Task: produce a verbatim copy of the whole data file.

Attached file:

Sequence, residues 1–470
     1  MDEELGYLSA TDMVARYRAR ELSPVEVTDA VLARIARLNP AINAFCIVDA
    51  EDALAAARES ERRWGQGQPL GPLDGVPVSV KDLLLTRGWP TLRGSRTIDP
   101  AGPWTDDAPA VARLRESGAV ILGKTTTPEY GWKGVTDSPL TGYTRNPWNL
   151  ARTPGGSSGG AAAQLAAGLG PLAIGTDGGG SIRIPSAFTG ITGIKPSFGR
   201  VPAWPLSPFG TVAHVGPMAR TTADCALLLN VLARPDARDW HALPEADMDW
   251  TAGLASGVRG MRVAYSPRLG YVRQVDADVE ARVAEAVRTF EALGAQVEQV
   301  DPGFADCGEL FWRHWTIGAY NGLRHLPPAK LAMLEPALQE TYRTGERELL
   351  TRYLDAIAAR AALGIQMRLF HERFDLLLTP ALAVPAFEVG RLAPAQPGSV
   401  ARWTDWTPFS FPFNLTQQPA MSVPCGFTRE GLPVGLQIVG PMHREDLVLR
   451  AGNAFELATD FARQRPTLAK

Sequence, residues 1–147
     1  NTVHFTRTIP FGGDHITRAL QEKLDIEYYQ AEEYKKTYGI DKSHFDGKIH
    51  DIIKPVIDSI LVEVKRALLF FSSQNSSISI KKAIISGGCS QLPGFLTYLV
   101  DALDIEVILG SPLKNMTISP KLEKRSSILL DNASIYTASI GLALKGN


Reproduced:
Sequence, residues 1–470
     1  MDEELGYLSA TDMVARYRAR ELSPVEVTDA VLARIARLNP AINAFCIVDA
    51  EDALAAARES ERRWGQGQPL GPLDGVPVSV KDLLLTRGWP TLRGSRTIDP
   101  AGPWTDDAPA VARLRESGAV ILGKTTTPEY GWKGVTDSPL TGYTRNPWNL
   151  ARTPGGSSGG AAAQLAAGLG PLAIGTDGGG SIRIPSAFTG ITGIKPSFGR
   201  VPAWPLSPFG TVAHVGPMAR TTADCALLLN VLARPDARDW HALPEADMDW
   251  TAGLASGVRG MRVAYSPRLG YVRQVDADVE ARVAEAVRTF EALGAQVEQV
   301  DPGFADCGEL FWRHWTIGAY NGLRHLPPAK LAMLEPALQE TYRTGERELL
   351  TRYLDAIAAR AALGIQMRLF HERFDLLLTP ALAVPAFEVG RLAPAQPGSV
   401  ARWTDWTPFS FPFNLTQQPA MSVPCGFTRE GLPVGLQIVG PMHREDLVLR
   451  AGNAFELATD FARQRPTLAK

Sequence, residues 1–147
     1  NTVHFTRTIP FGGDHITRAL QEKLDIEYYQ AEEYKKTYGI DKSHFDGKIH
    51  DIIKPVIDSI LVEVKRALLF FSSQNSSISI KKAIISGGCS QLPGFLTYLV
   101  DALDIEVILG SPLKNMTISP KLEKRSSILL DNASIYTASI GLALKGN